November 12, 2012|News|

SMU establishes new policies, procedures on workplace violence

(Originally published Aug. 13, 2010.)

Stock photo of business people in an escalating argumentNo campus is immune from the possibility of violence by one community member against another. This summer, SMU has taken steps to ensure that all faculty and staff members have easy access to University resources when harassment, intimidation and other hostile acts are committed or threatened in the workplace.

“For some time now, we have been interested in getting a formal workplace-violence policy and program in place,” says Jeff Strese, SMU Director of Human Resources. The departments responsible for preventing and reacting to risk have been working together for years, he says. Human Resources, Legal Affairs, the SMU Police Department, Institutional Access and Equity, and Risk Management meet regularly to deal with high-risk issues and involve one another as appropriate.

Associate Vice President for Human Resources and Business Services Bill Detwiler and Vice President for Legal Affairs Paul Ward spearheaded the effort to improve connection and communication among these areas. “This is an opportunity to better deploy the resources that already exist,” Strese says. “It creates an umbrella for the whole University that allows our offices to work together to respond to or mitigate any risk.”

Campuses across the country have begun to focus on raising awareness of workplace violence during the past year, Strese adds. The issue came to national attention in February 2010, when a University of Alabama-Huntsville professor who had been denied tenure shot six colleagues in a departmental staff meeting, killing three.

“When you look at case studies of campus violence, you find that in every single one of them there was previous knowledge and concern,” Strese says. “We intend to streamline the information-gathering process so that intervention can occur earlier in situations where there is an emerging threat or risk, whether it comes from inside or outside this community.”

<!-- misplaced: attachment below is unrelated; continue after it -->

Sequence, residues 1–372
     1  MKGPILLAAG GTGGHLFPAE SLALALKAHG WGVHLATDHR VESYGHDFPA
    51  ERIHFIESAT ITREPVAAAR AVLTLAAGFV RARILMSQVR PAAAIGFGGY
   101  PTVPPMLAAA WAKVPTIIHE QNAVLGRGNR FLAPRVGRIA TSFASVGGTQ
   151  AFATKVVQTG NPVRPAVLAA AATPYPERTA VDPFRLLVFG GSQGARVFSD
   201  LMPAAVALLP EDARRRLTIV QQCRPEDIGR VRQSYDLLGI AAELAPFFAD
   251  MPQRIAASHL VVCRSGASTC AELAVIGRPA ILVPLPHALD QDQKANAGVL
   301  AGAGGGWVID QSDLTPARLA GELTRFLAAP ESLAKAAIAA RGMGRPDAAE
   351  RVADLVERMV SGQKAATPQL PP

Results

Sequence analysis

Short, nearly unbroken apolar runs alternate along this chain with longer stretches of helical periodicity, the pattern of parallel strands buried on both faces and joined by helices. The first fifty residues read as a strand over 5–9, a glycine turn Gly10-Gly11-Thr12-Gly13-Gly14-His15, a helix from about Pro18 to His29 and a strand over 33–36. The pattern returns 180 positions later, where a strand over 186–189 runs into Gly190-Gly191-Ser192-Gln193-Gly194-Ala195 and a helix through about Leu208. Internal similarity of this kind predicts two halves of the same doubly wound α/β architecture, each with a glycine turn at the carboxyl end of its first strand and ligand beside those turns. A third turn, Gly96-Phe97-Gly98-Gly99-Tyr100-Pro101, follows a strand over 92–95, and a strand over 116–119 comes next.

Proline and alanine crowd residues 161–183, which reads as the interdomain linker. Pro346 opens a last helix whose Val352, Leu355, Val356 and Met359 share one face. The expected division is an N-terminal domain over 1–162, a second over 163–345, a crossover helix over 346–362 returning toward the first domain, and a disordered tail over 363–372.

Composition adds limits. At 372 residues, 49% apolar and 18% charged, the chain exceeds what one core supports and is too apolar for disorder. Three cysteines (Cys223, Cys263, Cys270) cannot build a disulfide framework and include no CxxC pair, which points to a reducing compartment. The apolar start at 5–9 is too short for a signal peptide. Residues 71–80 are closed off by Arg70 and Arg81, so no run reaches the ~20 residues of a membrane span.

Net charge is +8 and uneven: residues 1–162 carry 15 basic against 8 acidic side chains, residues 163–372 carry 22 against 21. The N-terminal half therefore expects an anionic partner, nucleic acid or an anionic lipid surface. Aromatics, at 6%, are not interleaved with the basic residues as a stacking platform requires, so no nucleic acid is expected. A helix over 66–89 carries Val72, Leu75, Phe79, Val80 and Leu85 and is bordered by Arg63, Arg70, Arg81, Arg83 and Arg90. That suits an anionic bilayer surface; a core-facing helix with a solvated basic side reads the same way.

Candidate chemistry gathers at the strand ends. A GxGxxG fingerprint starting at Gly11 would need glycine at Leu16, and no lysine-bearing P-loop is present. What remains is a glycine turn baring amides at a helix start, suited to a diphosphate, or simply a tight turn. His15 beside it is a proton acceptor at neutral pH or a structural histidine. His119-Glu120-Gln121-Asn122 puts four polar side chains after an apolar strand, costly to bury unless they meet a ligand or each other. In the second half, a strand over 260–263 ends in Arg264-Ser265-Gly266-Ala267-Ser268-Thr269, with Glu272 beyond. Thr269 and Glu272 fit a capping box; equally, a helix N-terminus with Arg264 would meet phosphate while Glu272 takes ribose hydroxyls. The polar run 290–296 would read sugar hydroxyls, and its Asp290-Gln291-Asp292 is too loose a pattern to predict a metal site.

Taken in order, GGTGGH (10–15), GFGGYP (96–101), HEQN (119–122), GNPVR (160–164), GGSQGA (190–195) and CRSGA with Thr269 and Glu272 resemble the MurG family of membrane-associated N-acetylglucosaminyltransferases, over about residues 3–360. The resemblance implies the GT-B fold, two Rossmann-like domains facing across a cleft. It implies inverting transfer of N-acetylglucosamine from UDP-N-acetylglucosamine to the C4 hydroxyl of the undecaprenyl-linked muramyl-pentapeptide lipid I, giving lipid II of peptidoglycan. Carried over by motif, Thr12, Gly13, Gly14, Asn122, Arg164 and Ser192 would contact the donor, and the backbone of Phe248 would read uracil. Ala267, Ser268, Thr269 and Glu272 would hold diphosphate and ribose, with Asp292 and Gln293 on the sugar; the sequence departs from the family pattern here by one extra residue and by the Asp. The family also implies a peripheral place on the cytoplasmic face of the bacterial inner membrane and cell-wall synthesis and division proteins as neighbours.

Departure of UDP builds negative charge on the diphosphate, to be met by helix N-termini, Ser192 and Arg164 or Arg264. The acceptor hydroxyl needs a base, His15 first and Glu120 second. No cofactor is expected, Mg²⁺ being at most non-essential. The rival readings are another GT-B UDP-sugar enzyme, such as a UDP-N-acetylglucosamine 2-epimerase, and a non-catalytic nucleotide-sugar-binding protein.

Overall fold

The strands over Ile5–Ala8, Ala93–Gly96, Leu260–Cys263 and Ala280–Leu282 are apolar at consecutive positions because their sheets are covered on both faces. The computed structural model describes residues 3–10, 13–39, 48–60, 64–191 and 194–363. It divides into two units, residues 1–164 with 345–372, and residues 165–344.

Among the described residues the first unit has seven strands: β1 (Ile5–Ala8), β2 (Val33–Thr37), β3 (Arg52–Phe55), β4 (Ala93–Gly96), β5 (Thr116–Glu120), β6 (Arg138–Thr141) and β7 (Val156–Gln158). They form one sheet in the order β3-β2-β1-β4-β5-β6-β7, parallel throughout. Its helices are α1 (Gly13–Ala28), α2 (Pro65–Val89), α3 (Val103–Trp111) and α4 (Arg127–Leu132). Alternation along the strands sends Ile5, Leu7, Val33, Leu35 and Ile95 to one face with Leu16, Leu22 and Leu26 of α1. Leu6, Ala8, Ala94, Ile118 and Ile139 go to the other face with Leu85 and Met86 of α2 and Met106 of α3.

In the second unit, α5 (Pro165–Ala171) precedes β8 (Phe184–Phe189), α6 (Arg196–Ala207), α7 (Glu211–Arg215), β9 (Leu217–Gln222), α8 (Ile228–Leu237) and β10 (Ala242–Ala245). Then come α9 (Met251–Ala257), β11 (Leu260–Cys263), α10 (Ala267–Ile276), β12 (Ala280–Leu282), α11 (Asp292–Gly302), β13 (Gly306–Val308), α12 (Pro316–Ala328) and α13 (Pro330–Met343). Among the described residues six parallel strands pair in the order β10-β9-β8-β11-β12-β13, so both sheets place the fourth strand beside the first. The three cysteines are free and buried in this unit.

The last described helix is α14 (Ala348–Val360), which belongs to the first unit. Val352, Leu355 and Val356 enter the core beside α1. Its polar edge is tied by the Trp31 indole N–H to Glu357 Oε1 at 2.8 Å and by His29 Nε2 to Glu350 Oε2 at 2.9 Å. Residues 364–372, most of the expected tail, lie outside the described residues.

SMU’s program includes a new policy on workplace violence, added to the University Policy Manual in August. Policy No. 10.12 in the Public Safety section includes clear descriptions of prohibited behaviors, as well as procedures for reporting violence and threats of violence from an SMU community member or visitor.

A new website, smu.edu/workplaceviolence, provides e-mail and telephone contacts for reporting concerns securely and confidentially. It also serves as a clearinghouse for information on policy and procedure.

In addition, the University has established a Workplace Violence Assessment Team, which includes representatives from the offices of the Provost, Risk Management, Legal Affairs and Human Resources. The team will meet as needed to review individual cases and recommend appropriate responses in accordance with University policies. Other staff or faculty members, or both, may be invited to join on a case-by-case basis.

The new program “is not intended to supersede any existing policies or processes, such as those coordinated by the Office of Student Life or the Ethics and Tenure Committee,” says Anita Ingram, SMU Executive Director of Risk Management. The Workplace Violence Assessment Team will review each case it receives to determine if it should be referred to the appropriate area, she says.

> Learn more at smu.edu/workplaceviolence
> Find SMU’s University Policy Manual online

August 17, 2010|News|

Winter weather: What to do

WInterWeather-thumb.jpgIt’s the time of year when weather conditions may cause schools and businesses to close – and even when it’s unseasonably warm, Texas weather can change in an instant.

When conditions warrant closing or delays, the University has procedures in place to ensure that students, faculty and staff know where to go for information:

  • If a decision is made to close or delay, an e-mail message will be sent to all students, faculty and staff.
  • Closing announcements may be obtained by calling 214-SMU-INFO (214-768-4636).
  • Closing announcements will be posted on the SMU website and via SMU’s Twitter feed at twitter.com/smu.
  • SMU News will contact the news media.

Learn more at the University’s Inclement Weather Policy page.

February 10, 2010|News|